Effect of extracorporeal photopheresis on selected immunologic parameters in psoriasis vulgaris

Yale J Biol Med. 1989 Nov-Dec;62(6):653-64.


Extracorporeal photopheresis (ExP) was administered every other week in an outpatient setting to four patients with chronic refractory psoriasis vulgaris without arthropathy. The duration of treatment ranged from six to 13 months. Two patients received methotrexate concomitantly during the initial phase of the study. All patients demonstrated a decrease in erythema, induration, and scaling of lesional skin, accompanied by incomplete clearing of lesions such that the percentage of involvement (SI) ranged between 40 to 80 percent of baseline scores. Exacerbations of psoriasis occurred with minor provocations, and two patients who were predisposed to developing epithelial skin neoplasms as a consequence of prior treatments continued to develop tumors during the study interval. Prolonged ExP treatment was otherwise well tolerated, without evidence of toxicity on routine laboratory safety tests or changes in lymphocyte counts. All patients, however, exhibited decreased intradermal skin responses to recall antigens and a decreased capacity of peripheral lymphocytes to produce interleukin 2 (IL-2) in response to polyclonal stimuli in vitro. These observations suggest that the observed anti-inflammatory effect of alternate-week ExP on psoriasis is mediated in part to a direct inhibition of lymphokine production or release by psoralen-ultraviolet-exposed lymphocytes.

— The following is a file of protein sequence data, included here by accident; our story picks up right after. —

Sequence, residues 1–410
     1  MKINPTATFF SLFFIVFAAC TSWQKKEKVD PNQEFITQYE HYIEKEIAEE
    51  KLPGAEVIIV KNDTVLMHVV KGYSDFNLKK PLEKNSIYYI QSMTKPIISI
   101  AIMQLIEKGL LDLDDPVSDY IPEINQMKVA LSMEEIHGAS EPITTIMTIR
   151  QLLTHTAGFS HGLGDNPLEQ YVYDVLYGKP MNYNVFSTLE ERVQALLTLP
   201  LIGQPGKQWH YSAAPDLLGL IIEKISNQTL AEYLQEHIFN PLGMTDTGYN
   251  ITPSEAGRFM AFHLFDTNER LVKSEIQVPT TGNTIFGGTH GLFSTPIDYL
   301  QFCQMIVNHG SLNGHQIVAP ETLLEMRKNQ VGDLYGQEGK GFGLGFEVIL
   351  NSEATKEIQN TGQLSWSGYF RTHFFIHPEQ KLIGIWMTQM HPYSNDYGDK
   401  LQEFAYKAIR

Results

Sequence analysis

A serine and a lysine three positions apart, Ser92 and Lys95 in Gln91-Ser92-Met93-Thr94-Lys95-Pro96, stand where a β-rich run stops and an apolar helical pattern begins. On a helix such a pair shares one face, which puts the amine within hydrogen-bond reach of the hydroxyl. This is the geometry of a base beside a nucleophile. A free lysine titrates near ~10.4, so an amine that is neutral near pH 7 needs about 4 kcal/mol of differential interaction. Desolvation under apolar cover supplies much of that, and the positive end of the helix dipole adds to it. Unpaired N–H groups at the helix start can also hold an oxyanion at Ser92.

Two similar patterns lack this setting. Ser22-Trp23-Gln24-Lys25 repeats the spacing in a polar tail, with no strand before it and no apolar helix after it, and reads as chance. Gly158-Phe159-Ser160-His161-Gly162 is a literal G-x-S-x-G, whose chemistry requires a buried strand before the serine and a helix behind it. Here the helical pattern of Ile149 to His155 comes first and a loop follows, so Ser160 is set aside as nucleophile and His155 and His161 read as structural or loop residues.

Publication types

  • Research Support, Non-U.S. Gov't
  • Research Support, U.S. Gov't, P.H.S.

MeSH terms

  • Adult
  • Extracorporeal Circulation
  • Female
  • Humans
  • Immunity*
  • Immunoglobulins / analysis
  • Interleukin-2 / biosynthesis
  • Leukocyte Count
  • Lymphocytes / drug effects
  • Lymphocytes / immunology
  • Male
  • Middle Aged
  • PUVA Therapy*
  • Psoriasis / immunology
  • Psoriasis / pathology
  • Psoriasis / therapy*
  • Skin Tests


  • Immunoglobulins
  • Interleukin-2